Craig: You’ve lost your defenses and you’re expecting to laugh again. So, nobody sees it coming, you know? I remember talking to David Zucker and Jerry Zucker about the first time they screened the movie Airplane! for a test audience. And in their minds everything was jokes. They were just obsessed with how the jokes would play. And they were just thrown on their heels when at the end of the movie the plan finally lands and the audience bursts into applause.
Mike: Oh, that’s amazing.
Craig: Because they cared that the plane would land. You know? And they just thought, “It doesn’t matter. We’ve told them in every possible way this is not a real plane.” It is to them. It matters. And so the human desire to give a shit is not defeatable.
* Man, I thought this was a deeply, deeply interesting movie.
* Everybody in the movie does a great job. It is a well-made movie, the story’s really artfully told. I’s not like I remember Mary Poppins super well, but they lay that stuff in just right. I straight up enjoyed this movie.
* But: part of what I liked about it was the thrilling feeling that it was so unbelievably shameless. John Lee Hancock directed this movie, he directed The Blind Side, which was perfectly, amazingly shameless. Or was it not that shameless, is the world really like this and I’m just jaded/cynical and I need movies like this to bring me back to the fullness of humanity??
* What’s at the heart of this movie? What is this movie saying about cynicism, honesty, manipulation, entertainment? There’s Paul Giamatti talking about his handicapped daughter? Is this a play on being a shamelessly cornball movie? Does it matter? Isn’t the argument of this movie that putting something like that into your movie for the purpose of bending your emotions and giving you hope is ok? Is the moral that if you let down your cynicism for one second you’ll find yourself moved, and that feeling, that person, is your truer, better self? But how can the ends of that message come across if the means is truly shameless manipulation?
* How much is it on me, the audience, to agree to not be cynical, and how much is it on them, the storytellers, to not then manipulate me? What’s the deal we make when we suspend disbelief and what counts as a betrayal of that deal?
* At one point Walt Disney (Tom Hanks) looks at P. L. Travers (Emma Thompson) but it’s shot so he’s nearly looking to camera, to the audience. “Trust me,” he says. What are we to make of a movie made by Disney (the company) where the story of the movie is Disney (the man) making the case for manipulative entertainment to a reluctant audience? Where there’s a scene of a cold, repressed woman reduced to tears in a movie theater by the power of a movie?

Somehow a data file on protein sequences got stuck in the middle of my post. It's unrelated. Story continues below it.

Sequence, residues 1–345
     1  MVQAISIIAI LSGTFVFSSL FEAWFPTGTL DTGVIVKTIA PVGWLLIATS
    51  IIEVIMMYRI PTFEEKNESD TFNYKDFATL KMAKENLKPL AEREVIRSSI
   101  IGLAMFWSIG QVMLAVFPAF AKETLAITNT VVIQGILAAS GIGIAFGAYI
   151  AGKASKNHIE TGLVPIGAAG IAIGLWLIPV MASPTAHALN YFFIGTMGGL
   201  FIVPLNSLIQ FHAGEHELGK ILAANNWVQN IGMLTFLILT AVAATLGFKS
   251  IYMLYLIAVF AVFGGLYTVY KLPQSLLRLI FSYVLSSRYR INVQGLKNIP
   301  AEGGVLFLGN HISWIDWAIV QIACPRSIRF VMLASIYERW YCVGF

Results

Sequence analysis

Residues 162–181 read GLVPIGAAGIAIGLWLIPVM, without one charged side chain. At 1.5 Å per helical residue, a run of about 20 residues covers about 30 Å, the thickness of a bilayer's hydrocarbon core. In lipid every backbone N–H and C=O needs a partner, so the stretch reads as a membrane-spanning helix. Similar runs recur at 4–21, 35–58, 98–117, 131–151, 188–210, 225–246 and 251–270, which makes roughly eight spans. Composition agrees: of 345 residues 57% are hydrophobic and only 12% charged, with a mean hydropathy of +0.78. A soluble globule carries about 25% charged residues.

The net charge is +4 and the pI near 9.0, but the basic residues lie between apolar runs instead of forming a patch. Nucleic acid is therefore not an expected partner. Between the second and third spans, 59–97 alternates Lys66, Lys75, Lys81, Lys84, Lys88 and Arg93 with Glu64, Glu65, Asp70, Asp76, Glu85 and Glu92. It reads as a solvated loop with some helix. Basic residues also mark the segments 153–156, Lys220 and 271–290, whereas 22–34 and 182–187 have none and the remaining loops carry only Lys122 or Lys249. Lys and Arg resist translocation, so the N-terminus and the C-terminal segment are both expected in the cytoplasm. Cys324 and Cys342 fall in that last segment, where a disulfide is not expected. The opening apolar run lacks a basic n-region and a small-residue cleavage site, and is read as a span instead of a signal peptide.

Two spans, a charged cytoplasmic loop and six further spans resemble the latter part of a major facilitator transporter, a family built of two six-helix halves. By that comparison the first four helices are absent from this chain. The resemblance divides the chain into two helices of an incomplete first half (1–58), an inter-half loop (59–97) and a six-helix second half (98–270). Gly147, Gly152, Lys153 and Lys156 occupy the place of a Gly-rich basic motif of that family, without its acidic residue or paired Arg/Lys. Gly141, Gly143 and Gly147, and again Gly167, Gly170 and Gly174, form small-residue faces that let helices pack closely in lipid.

* Saving Mr. Banks exists at some intersection where cynicism and idealism cross over each other again. If Disney makes a movie that runs right at some of the issues that make cynics so knee-jerk scornful of “Disney,” isn’t that kind of interesting and cool? Even if (of course) the ultimate product is in the end pretty pro-Disney? Or is it just nth level propaganda? Does it matter, if it’s fun and moving to watch?
* now look I’m not comparing anyone to Nazis or anything: but a thing that has stuck with me since I learned it is the idea that Goebbels was continually stunned and amazed at how much better and more effective the American “propaganda” movies that were coming out of a non-state directed Hollywood were than the products of Germany’s completely controlled machine, big example being Mrs. Miniver.
* I don’t want to deal with the idea of possible sexism in Saving Mr. Banks, but I mean the story of this movie is an uptight old woman is seduced by a powerful and calming man and when she finally submits herself to him after a lengthy courtship she experiences an extreme emotional release (right?)
* MORE!: the moviemakers monkeyed with the history at least a little bit, but how much? This article, “Saving Mr. Banks Is A Corporate, Borderline Sexist Spoonful of Lies” from LA Weekly (which I only learned about when the co-screenwriter got in a Twitter spat with the reviewer) would suggest quite a bit. This New Yorker article from 2005, though, suggests it’s hard to know, that maybe P. L. Travers played it a lot of different ways depending on who she was talking to. (that article, btw, written by Caitlin Flanagan, whose thoughts on nanny issues are always good to stir up the Internet).
How much does this matter? Isn’t part of the argument of this movie something about “the goal of entertaining and creating hope through entertainment can supersede other concerns,” or something? I dunno. Surely the people who made this movie looked into it more than your average reviewer and made their own set of ethical choices about how faithful they had to be to reality. If the manipulation of reality for narrative makes us queasy why and at what point does it make us queasy? How far are you allowed to go on these kinds of things?